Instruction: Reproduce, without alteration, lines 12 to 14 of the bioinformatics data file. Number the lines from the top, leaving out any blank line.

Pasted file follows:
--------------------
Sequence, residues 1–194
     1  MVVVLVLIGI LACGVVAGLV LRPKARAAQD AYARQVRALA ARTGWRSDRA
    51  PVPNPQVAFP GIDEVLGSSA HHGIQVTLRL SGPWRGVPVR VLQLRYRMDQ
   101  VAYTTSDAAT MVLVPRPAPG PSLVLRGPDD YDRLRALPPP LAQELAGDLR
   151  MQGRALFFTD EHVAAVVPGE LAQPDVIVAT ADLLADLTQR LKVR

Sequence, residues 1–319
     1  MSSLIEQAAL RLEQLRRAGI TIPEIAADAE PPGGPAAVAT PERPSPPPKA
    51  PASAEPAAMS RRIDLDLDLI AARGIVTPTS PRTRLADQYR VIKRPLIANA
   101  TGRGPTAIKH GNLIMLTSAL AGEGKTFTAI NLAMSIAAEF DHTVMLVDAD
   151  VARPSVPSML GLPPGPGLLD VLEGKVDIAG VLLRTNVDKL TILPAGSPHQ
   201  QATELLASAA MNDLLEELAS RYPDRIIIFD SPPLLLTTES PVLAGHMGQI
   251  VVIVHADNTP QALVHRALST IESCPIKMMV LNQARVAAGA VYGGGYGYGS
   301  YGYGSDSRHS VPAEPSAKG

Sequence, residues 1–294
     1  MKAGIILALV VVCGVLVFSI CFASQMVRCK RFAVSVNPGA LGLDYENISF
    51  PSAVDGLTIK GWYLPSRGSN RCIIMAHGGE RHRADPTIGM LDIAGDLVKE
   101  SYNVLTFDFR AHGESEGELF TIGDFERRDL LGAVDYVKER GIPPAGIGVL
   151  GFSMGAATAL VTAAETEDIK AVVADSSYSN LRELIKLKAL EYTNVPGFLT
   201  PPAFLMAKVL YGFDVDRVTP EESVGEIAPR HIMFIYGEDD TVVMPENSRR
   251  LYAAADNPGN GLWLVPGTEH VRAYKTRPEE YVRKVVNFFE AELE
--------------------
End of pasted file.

   251  VVIVHADNTP QALVHRALST IESCPIKMMV LNQARVAAGA VYGGGYGYGS
   301  YGYGSDSRHS VPAEPSAKG

Sequence, residues 1–294